from the archives
31 August 2013
Bike City: a discussion in Melbourne Knowledge Week 2013
Eben Weiss conveyed a laid back New York state of mind. He has always been a bike rider ‘no matter what’, negotiating the dynamic city. While welcoming New York’s new bike infrastructure, he had a ‘however’ qualification. The lack of enforcement of driver infringements and incursions into bike lanes is highly frustrating. Sanctions are few and prosecutions rare. He just wants bike riders to be ‘ordinary’, not special’, one of the crowd.
Alan Davies‘s impressive fluency with the statistics and graphs illustrated Australia’s dismal performance relative to the world’s leading bike riding country: the Netherlands.
Whereas Melbourne’s Inner North has impressive cycling rates, that rate is not replicated even south of the river and is very low in outer suburbs. Davies has a particular interest in bike trips substituting car trips which leads to his interest in the journey to work census question as a data source. Davies went out of his way to stress the importance of the quality of the cycling experience and how that can be positively influenced by the design and attractiveness of streets.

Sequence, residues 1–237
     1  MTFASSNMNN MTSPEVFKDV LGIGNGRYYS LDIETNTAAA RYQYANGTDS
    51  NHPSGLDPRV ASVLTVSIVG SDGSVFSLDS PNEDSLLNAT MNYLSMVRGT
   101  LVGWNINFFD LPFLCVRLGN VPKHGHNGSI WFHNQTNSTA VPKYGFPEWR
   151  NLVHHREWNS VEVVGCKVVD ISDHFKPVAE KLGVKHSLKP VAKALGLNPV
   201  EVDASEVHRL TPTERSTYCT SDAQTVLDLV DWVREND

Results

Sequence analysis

Asked what it will take to increase bike riding in Melbourne, Davies stressed safety, safety and safety, and putting further constraints on car use – ‘cars have got to give’. Roads need to be designed in such a way that drivers have no choice but to drive slowly. He suggested that Melbourne might consider a bike riding target relevant to our dispersed city rather than the Netherlands. While dedicated bike infrastructure is the gold standard, he made the obvious point that if you could get to a point where bikes and cars could share the road safely there would be no shortage of excellent infrastructure.
Pip Carroll’s amusing and highly visual presentation challenged the notion that infrastructure alone is enough to get Melburnians riding. Cultural change that taps into Melbourne’s cultural scene is also needed. A different story about bike riding is waiting to be told. She drew on the portrayal of bike riding in the media as an extreme sport, inherently dangerous and law breaking. Instead, there are tales to be told of riding that are ‘delightful and inclusive’. Carroll wondered if we’re focusing on the wrong thing – the journey to work – rather than on local trips using the quieter streets. Invest in women, was her strong recommendation.
The SqueakyWheel is creating a different story around riding a bike: that it’s fun, everyday, convenient, ordinary. Turn the paradigm upside down as Roll Up bike valet parking does – giving bike riders the red carpet rather than the finger.